Friday, May 22, 2015

BetteBack January 10, 1990: Bette Midler To Participate In Earth Day Special April 22

News
January 10, 1990

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LOS ANGELES — Some of the biggest names in show business are scheduled to perform on a television program aimed at raising public awareness of environmental problems and stimulating citizen activism in solving them.

At a news conference Monday, Kevin Costner, Meryl Streep, Michael Keaton, Barbra Streisand, Bruce Wfllis, Robin Williams, Quincy Jones, Bette Midler and Ted Danson were named as participants in “The Earth Day Special,” a two-hour broadcast scheduled to air Sunday, April 22. on the ABC television network.

Names of additional participants are expected to be announced in coming weeks.

Although they are among the highest-paid people in their fields, the artists and performers all have agreed to work for minimum unionscale wages, according to the show’s producers.

The telecast is timed to coincide with environmentally oriented events taking place around the world on April 22, which marks the 20th anniversary of Earth Day 1970.

The show’s big-name performers wfll be using their talents “to inspire and educate people to become part of the solution,” said Danson, star of the NBC comedy “Cheers” and the recent movie “Dad.”

The special will use drama, comedy and music to weave a narrative story incorporating information about environmental issues, according to Armyan Bernstein, one of the show’s executive producers.

The first hour will focus on problems and the second hour on solutions, he said. At several points in the program, viewers will be offered names, addresses and telephone numbers of organizations that can supply additional information about specific issues.

Danson said that the informational content of the program would be supervised by what he called “a broad-based board of scientific advisers,” the members of which are still being enlisted.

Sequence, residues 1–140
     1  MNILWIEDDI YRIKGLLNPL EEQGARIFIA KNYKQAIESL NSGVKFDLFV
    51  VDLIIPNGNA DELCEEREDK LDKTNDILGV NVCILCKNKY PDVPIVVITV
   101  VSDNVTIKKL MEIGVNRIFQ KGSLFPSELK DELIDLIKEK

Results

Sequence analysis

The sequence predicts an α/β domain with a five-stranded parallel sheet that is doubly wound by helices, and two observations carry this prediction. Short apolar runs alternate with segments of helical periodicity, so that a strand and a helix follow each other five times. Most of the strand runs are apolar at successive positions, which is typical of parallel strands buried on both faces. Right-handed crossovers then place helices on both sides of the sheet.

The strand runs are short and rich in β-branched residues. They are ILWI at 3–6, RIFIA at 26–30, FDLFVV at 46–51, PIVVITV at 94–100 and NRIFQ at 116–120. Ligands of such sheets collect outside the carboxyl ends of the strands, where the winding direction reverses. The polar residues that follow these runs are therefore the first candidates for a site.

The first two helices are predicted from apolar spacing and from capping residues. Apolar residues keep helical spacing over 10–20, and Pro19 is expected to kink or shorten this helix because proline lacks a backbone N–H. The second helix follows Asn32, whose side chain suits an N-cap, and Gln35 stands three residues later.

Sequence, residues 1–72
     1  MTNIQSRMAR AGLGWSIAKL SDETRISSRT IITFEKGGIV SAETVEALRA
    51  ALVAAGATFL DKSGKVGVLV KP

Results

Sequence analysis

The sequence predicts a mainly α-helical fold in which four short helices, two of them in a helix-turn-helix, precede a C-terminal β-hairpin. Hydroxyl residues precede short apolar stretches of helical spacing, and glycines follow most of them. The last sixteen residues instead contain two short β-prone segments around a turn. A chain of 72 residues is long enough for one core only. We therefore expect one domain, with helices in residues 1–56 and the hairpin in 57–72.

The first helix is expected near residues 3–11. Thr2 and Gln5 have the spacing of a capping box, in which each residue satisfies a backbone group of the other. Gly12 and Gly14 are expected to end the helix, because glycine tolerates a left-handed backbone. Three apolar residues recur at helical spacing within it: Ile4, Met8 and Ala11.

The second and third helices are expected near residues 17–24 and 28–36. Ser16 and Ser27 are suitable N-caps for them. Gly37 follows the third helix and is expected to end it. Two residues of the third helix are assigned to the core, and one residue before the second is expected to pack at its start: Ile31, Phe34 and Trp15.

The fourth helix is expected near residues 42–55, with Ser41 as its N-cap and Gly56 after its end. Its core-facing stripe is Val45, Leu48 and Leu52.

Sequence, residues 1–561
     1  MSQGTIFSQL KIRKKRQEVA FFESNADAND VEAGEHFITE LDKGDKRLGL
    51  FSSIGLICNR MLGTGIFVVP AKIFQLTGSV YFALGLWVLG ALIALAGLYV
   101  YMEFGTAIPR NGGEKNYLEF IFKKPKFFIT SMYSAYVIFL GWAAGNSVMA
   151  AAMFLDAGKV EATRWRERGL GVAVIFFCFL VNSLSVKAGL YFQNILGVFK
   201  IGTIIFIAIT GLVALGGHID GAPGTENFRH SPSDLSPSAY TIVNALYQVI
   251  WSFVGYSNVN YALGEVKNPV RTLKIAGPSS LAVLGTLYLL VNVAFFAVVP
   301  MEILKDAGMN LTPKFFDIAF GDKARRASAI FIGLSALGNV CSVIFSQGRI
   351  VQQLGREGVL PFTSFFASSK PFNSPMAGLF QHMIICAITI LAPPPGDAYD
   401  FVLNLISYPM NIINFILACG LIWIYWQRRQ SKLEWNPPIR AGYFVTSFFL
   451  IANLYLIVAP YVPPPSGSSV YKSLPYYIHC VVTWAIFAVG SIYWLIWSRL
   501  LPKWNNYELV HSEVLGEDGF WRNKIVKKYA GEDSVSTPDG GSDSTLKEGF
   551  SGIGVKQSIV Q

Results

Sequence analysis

Richard Baskin, music producer and composer who also is one of the show’s executive producers, said representatives of several advocacy groups — including the Environmental Defense ‘Fund and the Natural Resources Defense Council —have agreed to serve on the board, as has a representative of the federal Environmental Protection Agency.

Another executive producer, Paul Witt, said organizers of the television project recognized that environmental issues often are complicated by political and economic concerns.

Witt’s company produces such programs as “The Golden Girls” and “Beauty and the Beast.”

The television show wfll acknowledge those complexities, he said, but intends to “present information that empowers people without paralyzing them.”

The program is being produced by People of the Earth Foundation and Warner Brothers Inc., with financing and sponsorship by Time Warner Inc. The foundation is an entity specifically set up as a sort of financial holding company for the production of the show. Neither ABC News nor any other news organization is involved in the project.

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"Find your Light; They can't love you if they can't see you" ~ Bette Midler

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American Cinematheque Awards 1987

Bette Midler is honored with the American Cinematheque Award in 1987. Barry Manilow opens the tribute, telling stories of his time working with Bette in the Bath Houses and being her musical director. Barry then brings Melissa Manchester (one of the original Harlettes) up to the stage and they sing a duet (Friends). They then introduce all of the Harlettes one at a time… each wearing a different costume from a show or tour.

Enjoy this fun, rare footage. Also, you can ‘Like’ us on Face book at “Life_As_A_Harlette”.

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"Find your Light; They can't love you if they can't see you" ~ Bette Midler

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Sold My Soul To Rock N Roll – Majestic Theater – Bette Midler – 1979

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"Find your Light; They can't love you if they can't see you" ~ Bette Midler

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Criterion Collection: A Winning Bette In ‘The ‘Rose’

ArtForum
Winning Bette
May 22, 2015